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Health Highlights: Jan. 25, 2019

Here are some of the latest health and medical news developments, compiled by the editors of HealthDay:

More Lawsuits Launched Over Loss of Frozen Eggs, Embryos

Eight new lawsuits have been filed over the loss of more than 4,000 frozen eggs and embryos at an Ohio hospital nearly a year ago.

The new lawsuits against University Hospitals and CAS DataLoggers add to the more than 70 lawsuits already filed against the hospital system, NBC News reported.

The frozen eggs and embryos were lost March 4, 2018, when a malfunction caused the temperature to rise in a cryo storage tank. The problem went undetected because a remote alarm system had been turned off.

After the incident, University Hospitals Fertility Center sent letters of apology to the nearly 1,000 affected patients, NBC News reported.

"We don't know who turned off the remote alarm nor do we know how long it was off," the letter stated," the letter stated.

The new lawsuits claim that CAS DataLoggers was responsible for monitoring the remote alarm, NBC News reported.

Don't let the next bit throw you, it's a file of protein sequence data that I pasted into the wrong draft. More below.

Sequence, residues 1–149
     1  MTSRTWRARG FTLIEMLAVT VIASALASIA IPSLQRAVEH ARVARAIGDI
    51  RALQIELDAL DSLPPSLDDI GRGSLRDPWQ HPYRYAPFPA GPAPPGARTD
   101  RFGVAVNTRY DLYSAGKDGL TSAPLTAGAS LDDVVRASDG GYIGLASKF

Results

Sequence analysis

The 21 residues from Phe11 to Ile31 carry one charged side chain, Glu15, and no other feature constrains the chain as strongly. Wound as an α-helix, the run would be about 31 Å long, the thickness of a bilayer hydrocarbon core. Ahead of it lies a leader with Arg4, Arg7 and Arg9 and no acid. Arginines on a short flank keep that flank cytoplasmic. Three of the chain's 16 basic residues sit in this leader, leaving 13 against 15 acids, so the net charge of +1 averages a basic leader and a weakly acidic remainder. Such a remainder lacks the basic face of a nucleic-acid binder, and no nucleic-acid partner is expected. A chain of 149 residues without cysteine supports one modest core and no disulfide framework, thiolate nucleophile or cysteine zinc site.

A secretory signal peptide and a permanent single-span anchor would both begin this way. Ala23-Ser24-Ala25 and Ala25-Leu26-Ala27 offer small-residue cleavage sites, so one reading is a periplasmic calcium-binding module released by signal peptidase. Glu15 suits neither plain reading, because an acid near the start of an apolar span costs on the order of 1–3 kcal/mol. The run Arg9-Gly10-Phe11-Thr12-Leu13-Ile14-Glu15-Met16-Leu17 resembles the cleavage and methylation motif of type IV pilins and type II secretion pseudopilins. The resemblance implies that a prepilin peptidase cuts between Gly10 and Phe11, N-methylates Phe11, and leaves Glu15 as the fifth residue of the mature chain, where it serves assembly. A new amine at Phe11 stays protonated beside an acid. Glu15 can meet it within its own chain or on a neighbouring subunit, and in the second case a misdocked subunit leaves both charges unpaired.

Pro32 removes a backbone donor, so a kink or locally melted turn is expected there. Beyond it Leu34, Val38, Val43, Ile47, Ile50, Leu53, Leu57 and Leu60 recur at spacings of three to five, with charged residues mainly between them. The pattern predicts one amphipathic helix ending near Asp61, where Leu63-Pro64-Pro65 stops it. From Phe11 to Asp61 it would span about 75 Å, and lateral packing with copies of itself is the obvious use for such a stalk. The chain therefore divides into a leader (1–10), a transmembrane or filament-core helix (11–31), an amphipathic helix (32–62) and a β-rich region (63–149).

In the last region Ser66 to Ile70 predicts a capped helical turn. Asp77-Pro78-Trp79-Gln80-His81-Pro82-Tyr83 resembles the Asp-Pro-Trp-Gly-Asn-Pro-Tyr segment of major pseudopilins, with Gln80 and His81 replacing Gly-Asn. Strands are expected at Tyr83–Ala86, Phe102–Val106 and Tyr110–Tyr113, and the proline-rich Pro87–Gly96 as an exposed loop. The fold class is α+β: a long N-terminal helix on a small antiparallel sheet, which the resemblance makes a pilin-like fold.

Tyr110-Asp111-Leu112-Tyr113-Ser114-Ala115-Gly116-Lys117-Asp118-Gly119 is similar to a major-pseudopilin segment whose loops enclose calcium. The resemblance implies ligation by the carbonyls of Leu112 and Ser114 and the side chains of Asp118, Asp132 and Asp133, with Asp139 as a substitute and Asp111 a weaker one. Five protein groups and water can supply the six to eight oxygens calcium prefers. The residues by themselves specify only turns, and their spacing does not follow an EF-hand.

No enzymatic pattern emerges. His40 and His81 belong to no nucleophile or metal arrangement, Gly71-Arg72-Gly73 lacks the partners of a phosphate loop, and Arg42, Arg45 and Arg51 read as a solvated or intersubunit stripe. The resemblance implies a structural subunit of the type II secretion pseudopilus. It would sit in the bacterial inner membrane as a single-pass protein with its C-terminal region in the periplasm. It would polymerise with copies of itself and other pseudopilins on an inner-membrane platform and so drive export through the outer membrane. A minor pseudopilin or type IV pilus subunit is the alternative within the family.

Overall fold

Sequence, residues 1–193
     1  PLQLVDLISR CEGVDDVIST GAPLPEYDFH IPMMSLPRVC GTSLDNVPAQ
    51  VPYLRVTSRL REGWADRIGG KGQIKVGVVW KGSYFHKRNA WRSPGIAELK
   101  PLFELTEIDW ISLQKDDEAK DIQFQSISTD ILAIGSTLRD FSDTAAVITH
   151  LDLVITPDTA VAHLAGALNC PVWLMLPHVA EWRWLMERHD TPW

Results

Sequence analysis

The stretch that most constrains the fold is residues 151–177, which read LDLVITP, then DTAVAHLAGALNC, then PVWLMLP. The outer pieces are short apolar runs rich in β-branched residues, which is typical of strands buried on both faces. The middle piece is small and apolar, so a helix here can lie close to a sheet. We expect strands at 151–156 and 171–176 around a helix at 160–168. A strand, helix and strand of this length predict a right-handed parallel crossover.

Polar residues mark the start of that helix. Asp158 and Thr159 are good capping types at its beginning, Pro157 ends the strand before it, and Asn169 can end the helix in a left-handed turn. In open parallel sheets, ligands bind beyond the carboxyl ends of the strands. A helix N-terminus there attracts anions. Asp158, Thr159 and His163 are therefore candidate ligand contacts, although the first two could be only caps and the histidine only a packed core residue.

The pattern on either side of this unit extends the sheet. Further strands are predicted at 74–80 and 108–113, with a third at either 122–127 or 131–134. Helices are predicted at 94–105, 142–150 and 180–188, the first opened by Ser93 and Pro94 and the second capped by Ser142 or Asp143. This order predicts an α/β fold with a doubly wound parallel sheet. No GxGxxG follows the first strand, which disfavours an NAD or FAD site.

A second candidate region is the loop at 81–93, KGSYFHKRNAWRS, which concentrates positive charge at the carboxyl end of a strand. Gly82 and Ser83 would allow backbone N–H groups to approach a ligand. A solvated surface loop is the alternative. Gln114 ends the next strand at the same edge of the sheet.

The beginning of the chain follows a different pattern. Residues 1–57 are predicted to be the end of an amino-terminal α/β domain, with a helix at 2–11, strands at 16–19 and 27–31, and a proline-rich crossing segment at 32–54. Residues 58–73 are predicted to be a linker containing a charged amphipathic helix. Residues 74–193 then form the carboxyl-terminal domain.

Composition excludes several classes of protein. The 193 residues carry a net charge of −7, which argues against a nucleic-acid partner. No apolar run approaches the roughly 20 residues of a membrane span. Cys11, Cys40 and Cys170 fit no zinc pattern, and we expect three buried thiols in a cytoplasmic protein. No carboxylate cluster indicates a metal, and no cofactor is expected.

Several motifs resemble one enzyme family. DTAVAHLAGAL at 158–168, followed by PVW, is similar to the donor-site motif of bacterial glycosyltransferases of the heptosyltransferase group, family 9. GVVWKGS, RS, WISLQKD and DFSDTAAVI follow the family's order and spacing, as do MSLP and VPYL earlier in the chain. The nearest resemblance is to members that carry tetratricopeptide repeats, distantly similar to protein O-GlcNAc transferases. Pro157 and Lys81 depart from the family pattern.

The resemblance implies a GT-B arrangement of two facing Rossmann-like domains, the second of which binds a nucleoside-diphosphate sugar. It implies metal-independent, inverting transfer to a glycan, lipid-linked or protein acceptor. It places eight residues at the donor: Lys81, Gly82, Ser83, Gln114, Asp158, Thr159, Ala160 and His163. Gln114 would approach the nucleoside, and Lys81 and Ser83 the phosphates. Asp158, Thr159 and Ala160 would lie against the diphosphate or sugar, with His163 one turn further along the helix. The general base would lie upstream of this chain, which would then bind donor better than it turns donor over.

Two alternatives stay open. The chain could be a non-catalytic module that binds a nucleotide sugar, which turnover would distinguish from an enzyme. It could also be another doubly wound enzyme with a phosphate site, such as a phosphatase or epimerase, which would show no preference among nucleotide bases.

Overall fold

In a statement released Thursday, University Hospitals said the fertility center had apologized to the affected patients and offered them free fertility care.


Gum Disease Bacteria Found in Brains of Alzheimer's Disease Patients

Gum disease bacteria may play a role in Alzheimer's disease, researchers say.

They studied dead and living patients with diagnosed and suspected Alzheimer's and found bacteria associated with chronic gum disease in the brains of people with Alzheimer's, BBC News reported.

Tests on mice confirmed the bacteria, Porphyromonas gingivalis could migrate from the mouth to the brain and that a toxic protein they secrete (gingipain) destroyed brain neurons.

The bacteria also boosted production of amyloid beta, a component of brain plaques associated with Alzheimer's, BBC News reported.

Further tests on mice showed that drugs that block the toxic proteins produced by the bacteria stopped brain degeneration.

The study was published in the journal Science Advances.

The researchers said their findings could point to new ways to help people with Alzheimer's. Currently there is no cure or effective treatment, BBC News reported.

The team developed a new drug and plan to test it later this year in a clinical trial with patients who have mild to moderate Alzheimer's.

The study adds to evidence of a link between gum disease and dementia, but it's still not clear if gum disease bacteria actually trigger Alzheimer's, said scientists not involved in the study, BBC News reported.

Previous studies linking gum disease with dementia include one published last year that found that people with chronic gum disease for 10 years or more had a 70 percent higher risk of Alzheimer's than those without gum disease.

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